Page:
I turned 29 on July 8. It is a prime number, that cannot be divided into whole numbers. 29 stands between 28 and 30, both of which are divisible by two and orderly.
To some extent, it’s scary. Next year, I will be thirty and entering a new decade. My family was watching a home video from eleven years ago when we drove up to Fort Myers. I was reading a book written by Harry Houdini then and wearing a visor during a beach vacation. We were all so young then, and skinnier.
Turning 29 means that my twenties is truly over, or will be in a year. When Stephen King reached this age, he had already built a book career that rescued his family from the slum life. Two of my siblings became successful doctors and my mom was married and established as a pediatrician. There is a set of high expectations and to get as much writing as done as possible.
I’ve also accomplished more than most people have by this age. Thanks to some lovely mentors and editors, I have a steady writing career, some books under my belt, and a lot of short stories coming out. One was accepted over the weekend, and I’ve edited another for an anthology. My Duolingo also shows that I can handle basic Spanish conversations if they are written, and learning Japanese slowly.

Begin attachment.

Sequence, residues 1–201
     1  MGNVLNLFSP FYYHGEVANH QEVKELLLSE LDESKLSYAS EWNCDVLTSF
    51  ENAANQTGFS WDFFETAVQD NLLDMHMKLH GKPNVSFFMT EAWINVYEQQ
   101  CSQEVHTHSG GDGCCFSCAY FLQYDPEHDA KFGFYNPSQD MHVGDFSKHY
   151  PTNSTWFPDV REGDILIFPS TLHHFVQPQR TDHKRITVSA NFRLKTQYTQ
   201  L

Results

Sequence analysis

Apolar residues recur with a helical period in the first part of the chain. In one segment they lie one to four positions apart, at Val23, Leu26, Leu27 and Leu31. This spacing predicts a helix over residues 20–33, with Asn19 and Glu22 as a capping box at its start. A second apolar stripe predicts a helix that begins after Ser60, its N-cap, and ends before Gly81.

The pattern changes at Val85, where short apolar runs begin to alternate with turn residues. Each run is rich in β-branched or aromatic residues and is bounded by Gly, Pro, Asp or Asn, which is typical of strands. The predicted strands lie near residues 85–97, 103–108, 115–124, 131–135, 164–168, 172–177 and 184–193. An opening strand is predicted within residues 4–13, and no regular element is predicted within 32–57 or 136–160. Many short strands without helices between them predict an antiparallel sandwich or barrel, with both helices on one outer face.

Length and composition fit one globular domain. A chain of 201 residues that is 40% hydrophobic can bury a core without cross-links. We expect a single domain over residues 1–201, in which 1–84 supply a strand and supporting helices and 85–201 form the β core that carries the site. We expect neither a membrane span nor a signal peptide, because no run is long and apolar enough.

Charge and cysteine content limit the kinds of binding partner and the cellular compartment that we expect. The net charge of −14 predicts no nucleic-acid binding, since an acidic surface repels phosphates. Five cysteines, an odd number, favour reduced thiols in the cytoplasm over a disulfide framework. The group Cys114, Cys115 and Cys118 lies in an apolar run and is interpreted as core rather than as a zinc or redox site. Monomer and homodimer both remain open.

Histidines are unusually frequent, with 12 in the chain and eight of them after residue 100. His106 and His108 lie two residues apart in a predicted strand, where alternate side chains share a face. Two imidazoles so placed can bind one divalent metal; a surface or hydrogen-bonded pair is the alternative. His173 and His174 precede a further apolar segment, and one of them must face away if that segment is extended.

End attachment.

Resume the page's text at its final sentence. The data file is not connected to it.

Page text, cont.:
On the other hand, I hope to leave stuff behind, like the constant expectations that people can actually be better than they are. The past four years have been downright disillusioning with the truths that are revealed. I would rather just accept things the way they are and change what is possible to change. There are also little things to toss out, like objects you bought to please people in the workplace that you considered mentors. It feels like a shame to put them in the trash, but you can replace them with objects that you’ll use and cherish.
Ultimately, you can’t stop getting older. What you can choose to do, however, is move forward and mark your accomplishments. I am 29 now, a prime number. And I am not easily divided.